MORAL MATRICES: SPACE THROUGH THE UNFOLDING OF DIRECT DEMOCRACY IN SWITZERLAND
Shin Alexandre Koseki
In this dissertation, I address the political and moral geography of Swiss federal participatory votes for the period between 1981 and 2014 to re-investigate some of the fundamental questions left open in urban sciences: how and why socio-ethical, moral and political values differ across gradients of urbanity. To do so, I deploy a set of interdisciplinary analyses, and bridge between the epistemological positions, theoretical frameworks and methodologies of axiomatic political geography, political moral psychology, and cognitive and evolutionary anthropology. In this setting, I produce a simple yet powerful conceptual model that ties people’s conceived aspirations, perceived affordances and developed capabilities in order to explain the ideological variations I find across the Swiss territory. In the first study, I investigate the spatial resonance of political cohesion as a socio-ethical manifestation of collective cooperation. I use inferential statistics, geometric data analysis and cartographic mapping and find political behavior aligns with the gradients of social urbanity and the degree of integration of Swiss communes’ residents in the globalization process. In the second study, I turn to the geography of political preferences and unveil the existence of fifteen “moral constituencies” across local communities. To do so, I make the innovative use of a measure of political agreement and disagreement, which I combine to network analysis. I find Swiss local communities split in four ideological components that comprise a set of political clusters. With those results, I offer an alternative explanation to the paradoxical cohesion of Swiss society by pointing out the role of the urban networks in securing national unity. Looking at the evolution of local communities’ political agreement/disagreement, I also show that the Swiss political landscape has undergone a major restructuring over the last thirty years. Ideological clusters went from a highly fragmented and region-based system to a triptych partitioning opposing mostly city dwellers and linguistic minorities to suburbs, and to the country-side. This shift was accompanied with an overall increase in political agreement at the national level. In the third study, I examine the role of moral emotions on communes vote outcomes. I use the theoretical and methodological framework of Moral Foundation Theory and bind vote outcomes to the lexicometric assessment of moral values in the official arguments presented to voters. To do so, I digitally record all Official Vote Leaflets produced by the Swiss Federal Chancellery between 1981 and 2014; translate the Moral Foundation Dictionary into French; and combine both data in a content analysis. Using multiple binomial regression, I find the moral content of the argument predicts part of vote outcomes for certain communes. Finally, I produce a series of moral maps, which I qualitatively access to picture the relationship that prevails between space, ethics and politics.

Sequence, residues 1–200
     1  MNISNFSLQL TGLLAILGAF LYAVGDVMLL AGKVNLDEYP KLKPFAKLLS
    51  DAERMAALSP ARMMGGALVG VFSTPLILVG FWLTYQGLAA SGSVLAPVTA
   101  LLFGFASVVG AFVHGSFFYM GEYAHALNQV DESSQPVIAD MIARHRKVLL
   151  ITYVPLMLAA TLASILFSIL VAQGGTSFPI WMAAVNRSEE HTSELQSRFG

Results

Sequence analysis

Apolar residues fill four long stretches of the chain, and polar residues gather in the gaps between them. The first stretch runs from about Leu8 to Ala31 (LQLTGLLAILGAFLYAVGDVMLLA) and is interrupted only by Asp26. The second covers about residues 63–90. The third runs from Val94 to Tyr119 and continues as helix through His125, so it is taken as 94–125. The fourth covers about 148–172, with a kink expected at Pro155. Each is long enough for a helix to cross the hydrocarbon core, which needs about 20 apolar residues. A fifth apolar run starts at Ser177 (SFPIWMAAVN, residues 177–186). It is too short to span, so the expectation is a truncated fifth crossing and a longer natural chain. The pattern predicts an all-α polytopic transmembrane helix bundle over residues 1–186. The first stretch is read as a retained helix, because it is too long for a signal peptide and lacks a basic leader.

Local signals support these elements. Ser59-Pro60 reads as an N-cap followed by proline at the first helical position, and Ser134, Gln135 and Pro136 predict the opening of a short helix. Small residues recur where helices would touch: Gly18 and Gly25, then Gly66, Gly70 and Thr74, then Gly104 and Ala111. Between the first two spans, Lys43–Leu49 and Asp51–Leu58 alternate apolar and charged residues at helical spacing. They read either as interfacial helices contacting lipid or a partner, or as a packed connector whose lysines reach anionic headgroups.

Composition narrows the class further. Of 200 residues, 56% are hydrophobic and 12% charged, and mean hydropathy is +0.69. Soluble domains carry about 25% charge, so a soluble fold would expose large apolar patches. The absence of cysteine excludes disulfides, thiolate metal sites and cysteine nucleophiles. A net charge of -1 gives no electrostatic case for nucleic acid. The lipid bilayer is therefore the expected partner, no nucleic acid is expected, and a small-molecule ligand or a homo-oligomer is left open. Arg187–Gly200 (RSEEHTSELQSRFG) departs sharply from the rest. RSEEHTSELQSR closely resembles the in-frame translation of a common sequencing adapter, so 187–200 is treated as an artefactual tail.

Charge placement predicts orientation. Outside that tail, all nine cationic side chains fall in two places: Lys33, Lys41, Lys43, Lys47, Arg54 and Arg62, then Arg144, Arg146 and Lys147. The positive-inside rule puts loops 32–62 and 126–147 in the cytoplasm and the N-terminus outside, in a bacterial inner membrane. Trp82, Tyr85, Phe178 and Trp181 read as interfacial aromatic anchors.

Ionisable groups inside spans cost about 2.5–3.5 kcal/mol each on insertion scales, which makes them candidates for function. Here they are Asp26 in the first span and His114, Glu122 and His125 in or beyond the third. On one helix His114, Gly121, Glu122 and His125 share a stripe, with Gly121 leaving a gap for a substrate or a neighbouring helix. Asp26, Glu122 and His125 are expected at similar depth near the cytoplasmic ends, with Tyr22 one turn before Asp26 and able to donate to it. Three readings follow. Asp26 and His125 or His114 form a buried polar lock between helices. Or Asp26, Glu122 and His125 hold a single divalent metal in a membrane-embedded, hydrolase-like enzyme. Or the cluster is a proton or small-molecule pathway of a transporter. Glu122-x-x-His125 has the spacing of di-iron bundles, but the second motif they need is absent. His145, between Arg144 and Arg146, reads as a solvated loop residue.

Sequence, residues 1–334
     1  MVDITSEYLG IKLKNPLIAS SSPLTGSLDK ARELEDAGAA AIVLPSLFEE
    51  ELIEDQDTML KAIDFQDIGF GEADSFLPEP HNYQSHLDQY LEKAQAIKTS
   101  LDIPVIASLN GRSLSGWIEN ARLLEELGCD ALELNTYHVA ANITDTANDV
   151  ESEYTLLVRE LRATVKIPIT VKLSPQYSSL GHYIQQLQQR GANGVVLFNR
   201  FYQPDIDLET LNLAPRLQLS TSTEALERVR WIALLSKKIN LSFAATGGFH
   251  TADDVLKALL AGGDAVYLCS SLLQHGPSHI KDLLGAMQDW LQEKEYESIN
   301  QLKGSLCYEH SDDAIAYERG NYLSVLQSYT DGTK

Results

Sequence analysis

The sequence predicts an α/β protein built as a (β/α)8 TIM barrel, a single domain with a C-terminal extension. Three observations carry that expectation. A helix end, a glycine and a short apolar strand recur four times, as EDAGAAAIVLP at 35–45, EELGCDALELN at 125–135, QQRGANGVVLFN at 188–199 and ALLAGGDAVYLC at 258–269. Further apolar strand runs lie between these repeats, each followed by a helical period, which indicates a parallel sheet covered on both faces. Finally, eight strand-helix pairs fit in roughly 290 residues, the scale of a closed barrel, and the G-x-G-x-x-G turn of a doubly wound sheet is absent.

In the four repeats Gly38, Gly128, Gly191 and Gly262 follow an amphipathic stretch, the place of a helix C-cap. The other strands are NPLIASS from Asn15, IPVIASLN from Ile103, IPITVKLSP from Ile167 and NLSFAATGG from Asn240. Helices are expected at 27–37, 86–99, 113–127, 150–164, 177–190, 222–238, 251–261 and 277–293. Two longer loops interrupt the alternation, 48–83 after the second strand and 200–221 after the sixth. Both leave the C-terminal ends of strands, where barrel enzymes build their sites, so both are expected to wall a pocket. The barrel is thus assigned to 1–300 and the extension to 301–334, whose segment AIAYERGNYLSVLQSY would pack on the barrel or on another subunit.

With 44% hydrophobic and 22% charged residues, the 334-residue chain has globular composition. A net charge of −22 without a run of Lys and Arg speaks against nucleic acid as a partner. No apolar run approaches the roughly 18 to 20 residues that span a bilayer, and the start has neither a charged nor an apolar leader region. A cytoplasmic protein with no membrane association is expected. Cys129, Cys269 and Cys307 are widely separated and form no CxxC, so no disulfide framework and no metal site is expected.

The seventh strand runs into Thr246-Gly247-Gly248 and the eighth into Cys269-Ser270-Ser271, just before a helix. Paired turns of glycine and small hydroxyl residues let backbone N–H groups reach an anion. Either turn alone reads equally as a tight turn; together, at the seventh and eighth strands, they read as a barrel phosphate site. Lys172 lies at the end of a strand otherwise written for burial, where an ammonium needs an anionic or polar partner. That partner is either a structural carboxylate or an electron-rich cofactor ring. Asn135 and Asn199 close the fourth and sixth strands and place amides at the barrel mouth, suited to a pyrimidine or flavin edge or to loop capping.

Swiss communal populations’ degree of cultural globalization inferred from their collective political behavior over federal participatory votes, 1981–2014